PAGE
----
How a product moves from raw material to finished good to the consumer is a marketing channel, also called a supply chain. Marketing channel decisions are as important as the decisions companies make about the features and prices of products. Channel partners are firms that actively promote and sell a product as it travels through its channel to its user. Companies try to choose the best channels and channel partners to help them sell products because doing so can give them a competitive advantage.
A direct marketing channel consists of just two parties—a producer and a consumer. By contrast, a channel that includes one or more intermediaries (wholesaler, distributor, or broker or agent) is an indirect channel. Firms often utilize multiple channels to reach more customers and increase their effectiveness. Some companies find ways to increase their sales by forming strategic channel alliances with one another. Other companies look for ways to cut out the middlemen from the channel, a process known as disintermediation. Direct foreign investment, joint ventures, exporting, franchising, and licensing are some of the channels by which firms attempt to enter foreign markets.
Selecting the best marketing channel is critical because it can mean the success or failure of your product. The type of customer you’re selling to will have an impact on the channel you select. In fact, this should be your prime consideration. The type of product, your organization’s capabilities versus those of other channel members, the way competing products are marketed, and changes in the business environment and technology can also affect your marketing channel decisions. Various factors affect a company’s decisions about the intensity of a product’s distribution. An intensive distribution strategy involves selling a product in as many outlets as possible. Selective distribution involves selling a product at select outlets in specific locations. Exclusive distribution involves selling a product through one or very few outlets.
Channel partners that wield channel power are referred to as channel leaders. A dispute among channel members is called a channel conflict. A vertical conflict is one that occurs between two different types of members in a channel. By contrast, a horizontal conflict is one that occurs between organizations of the same type. Channel leaders are often in the best position to resolve channel conflicts. Vertical and horizontal marketing systems can help foster channel cooperation, as can creating marketing programs to help a channel’s members all generate greater revenues and profits.
Backward Integration: Occurs when a company moves upstream in the supply chain—that is, toward the beginning.
Brokers: Don’t purchase or take title to the products they sell. Their role is limited to negotiating sales contracts for producers.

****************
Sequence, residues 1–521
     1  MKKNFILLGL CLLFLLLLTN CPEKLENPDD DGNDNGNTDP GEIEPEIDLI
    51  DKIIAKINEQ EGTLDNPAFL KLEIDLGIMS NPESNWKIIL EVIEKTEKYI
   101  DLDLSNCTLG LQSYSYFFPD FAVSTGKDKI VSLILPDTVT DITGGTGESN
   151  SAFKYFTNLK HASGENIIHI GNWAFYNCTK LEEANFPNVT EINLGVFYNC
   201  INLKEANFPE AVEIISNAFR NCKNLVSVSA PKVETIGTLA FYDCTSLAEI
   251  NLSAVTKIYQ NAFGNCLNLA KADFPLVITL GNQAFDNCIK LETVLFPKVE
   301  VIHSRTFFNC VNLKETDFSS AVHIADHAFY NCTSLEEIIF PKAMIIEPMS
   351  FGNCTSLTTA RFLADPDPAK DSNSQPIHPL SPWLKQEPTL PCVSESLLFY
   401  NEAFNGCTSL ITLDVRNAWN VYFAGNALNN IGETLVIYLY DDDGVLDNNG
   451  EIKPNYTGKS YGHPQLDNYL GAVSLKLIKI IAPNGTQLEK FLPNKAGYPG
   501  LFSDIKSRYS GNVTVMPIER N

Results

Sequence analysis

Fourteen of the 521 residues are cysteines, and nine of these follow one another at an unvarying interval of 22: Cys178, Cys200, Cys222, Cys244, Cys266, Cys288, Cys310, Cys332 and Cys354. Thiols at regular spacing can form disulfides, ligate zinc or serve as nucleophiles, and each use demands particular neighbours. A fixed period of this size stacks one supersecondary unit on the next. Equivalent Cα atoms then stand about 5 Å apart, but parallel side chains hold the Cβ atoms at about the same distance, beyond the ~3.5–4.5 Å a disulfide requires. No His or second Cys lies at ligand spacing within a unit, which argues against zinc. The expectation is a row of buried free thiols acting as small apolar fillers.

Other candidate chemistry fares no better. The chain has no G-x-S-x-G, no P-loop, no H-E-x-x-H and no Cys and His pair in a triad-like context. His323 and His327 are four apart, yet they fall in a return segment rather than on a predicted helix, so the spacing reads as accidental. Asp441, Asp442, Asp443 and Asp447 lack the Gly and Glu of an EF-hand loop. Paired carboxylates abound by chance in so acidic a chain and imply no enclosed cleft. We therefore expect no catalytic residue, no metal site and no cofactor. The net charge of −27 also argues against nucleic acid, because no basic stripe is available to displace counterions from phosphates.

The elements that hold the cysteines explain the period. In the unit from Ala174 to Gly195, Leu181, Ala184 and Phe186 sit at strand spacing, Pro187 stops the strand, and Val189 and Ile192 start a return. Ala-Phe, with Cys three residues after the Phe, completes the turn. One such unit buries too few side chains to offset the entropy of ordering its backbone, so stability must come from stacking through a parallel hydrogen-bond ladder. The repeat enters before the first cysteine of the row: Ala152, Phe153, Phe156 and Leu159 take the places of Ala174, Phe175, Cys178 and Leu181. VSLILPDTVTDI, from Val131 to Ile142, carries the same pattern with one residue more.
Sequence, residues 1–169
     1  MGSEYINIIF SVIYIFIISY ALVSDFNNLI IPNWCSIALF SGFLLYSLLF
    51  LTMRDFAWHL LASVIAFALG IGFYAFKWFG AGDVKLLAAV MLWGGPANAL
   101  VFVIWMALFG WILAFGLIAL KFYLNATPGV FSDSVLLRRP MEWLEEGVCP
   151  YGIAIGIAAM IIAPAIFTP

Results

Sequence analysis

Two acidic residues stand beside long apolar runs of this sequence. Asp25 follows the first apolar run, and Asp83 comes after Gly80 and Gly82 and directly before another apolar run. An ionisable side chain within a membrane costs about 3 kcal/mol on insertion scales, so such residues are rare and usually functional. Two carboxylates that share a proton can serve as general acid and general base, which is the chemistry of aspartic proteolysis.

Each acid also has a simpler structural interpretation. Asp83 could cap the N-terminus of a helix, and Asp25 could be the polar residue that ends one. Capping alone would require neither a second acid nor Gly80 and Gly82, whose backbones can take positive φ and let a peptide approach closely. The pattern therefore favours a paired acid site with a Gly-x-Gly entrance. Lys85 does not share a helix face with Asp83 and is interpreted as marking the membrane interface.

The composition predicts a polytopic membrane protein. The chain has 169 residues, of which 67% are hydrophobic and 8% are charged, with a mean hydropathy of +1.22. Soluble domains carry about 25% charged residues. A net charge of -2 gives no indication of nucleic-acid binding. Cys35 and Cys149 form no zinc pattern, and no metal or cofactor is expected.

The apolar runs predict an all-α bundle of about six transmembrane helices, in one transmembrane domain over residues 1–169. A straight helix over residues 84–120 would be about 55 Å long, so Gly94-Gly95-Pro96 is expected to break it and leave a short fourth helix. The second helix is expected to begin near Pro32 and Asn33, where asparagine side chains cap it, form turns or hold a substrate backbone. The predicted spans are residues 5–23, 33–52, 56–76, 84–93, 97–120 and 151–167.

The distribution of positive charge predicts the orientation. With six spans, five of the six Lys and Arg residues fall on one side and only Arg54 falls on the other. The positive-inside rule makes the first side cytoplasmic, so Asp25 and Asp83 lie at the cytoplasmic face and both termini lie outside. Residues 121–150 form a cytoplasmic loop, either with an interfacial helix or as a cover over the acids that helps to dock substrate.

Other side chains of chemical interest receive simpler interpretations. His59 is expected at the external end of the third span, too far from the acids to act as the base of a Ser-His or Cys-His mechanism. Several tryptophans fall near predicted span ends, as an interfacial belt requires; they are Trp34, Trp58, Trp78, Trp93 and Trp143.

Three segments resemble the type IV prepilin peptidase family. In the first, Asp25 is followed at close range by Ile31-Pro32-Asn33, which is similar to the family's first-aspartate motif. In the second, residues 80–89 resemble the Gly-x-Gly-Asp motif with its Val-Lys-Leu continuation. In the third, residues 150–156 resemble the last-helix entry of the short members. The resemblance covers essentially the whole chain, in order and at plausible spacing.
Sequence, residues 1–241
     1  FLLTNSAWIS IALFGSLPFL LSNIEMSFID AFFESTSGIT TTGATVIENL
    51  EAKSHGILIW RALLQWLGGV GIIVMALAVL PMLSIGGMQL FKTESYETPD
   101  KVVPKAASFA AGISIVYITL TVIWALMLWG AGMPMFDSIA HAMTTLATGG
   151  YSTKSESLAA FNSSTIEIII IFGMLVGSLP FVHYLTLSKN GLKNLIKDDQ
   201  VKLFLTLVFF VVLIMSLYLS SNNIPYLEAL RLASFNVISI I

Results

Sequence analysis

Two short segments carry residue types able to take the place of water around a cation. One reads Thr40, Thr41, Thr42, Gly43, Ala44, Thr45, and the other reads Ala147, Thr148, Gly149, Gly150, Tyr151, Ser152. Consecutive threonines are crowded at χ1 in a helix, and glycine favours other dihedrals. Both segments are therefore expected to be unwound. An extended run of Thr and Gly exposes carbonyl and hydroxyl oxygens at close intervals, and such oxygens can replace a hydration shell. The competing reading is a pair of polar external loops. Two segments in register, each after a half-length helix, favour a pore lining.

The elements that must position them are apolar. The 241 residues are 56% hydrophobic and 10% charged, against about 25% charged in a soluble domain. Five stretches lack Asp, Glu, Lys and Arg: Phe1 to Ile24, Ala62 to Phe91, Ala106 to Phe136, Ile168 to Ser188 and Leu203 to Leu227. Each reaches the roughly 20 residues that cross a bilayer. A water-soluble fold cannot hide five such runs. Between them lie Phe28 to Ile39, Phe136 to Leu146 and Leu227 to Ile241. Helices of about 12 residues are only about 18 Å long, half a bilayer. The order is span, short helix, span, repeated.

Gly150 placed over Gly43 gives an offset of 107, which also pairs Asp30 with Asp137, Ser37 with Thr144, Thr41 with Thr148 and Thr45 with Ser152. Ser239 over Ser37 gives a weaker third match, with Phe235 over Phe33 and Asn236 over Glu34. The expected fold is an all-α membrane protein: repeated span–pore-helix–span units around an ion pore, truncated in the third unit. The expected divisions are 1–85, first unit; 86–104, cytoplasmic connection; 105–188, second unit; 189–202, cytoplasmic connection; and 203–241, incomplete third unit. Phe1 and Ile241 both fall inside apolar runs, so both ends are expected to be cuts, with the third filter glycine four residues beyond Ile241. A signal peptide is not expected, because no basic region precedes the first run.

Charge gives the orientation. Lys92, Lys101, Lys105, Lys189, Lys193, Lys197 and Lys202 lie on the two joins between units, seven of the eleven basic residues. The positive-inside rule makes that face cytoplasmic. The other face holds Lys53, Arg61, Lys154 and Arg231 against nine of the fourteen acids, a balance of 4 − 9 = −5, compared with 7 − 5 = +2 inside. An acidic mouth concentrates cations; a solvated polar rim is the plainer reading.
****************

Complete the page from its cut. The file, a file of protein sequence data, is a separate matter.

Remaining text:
Category Killer: Sells a high volume of a particular type of product and, in doing so, dominates the competition, or “category.”
Channel Conflict: A dispute among channel members.
Channel Leaders: Strong channel partners often wield what’s called channel power.
Channel Power: Channel partners that wield channel power are referred to as channel leaders. A dispute among channel members is called a channel conflict. A vertical conflict is one that occurs between two different types of members in a channel. By contrast, a horizontal conflict is one that occurs between organizations of the same type. Channel leaders are often in the best position to resolve channel conflicts.
Channel Members: The firms a company partners with to actively promote and sell a product as it travels through its marketing channel to users.
Conventional Marketing System: The channel members have no affiliation with one another. All the members operate independently. If the sale or the purchase of a product seems like a good deal at the time, an organization pursues it. But there is no expectation among the channel members that they have to work with one another in the future.
Convenience Stores: Miniature supermarkets that sell gasoline and are open twenty-four hours a day.
Department Stores: Stores that carry a wide variety of household and personal types of merchandise such as clothing and jewelry.
Direct Channel: The shortest marketing channel consists of just two parties—a producer and a consumer.
Direct Marketing: Companies communicate with consumers urging them to contact their firms directly to buy products.
Drugstores: Specialize in selling over-the-counter medications, prescriptions, and health and beauty products and offer services such as photo developing.
Distributors: Merchant wholesalers are wholesalers that take title to the goods. They are also sometimes referred to as distributors, dealers, and jobbers. The category includes both full-service wholesalers and limited-service wholesalers.
Disintermediation: You might be tempted to think middlemen, or intermediaries, are bad. If you can cut them out of the deal—a process marketing professionals call disintermediation—products can be sold more cheaply, can’t they? Large retailers, including Target and Walmart, sometimes bypass middlemen. Instead, they buy their products directly from manufacturers and then store and distribute them to their own retail outlets.
Dumping: The practice of selling a large quantity of goods at a price too low to be economically justifiable in another country.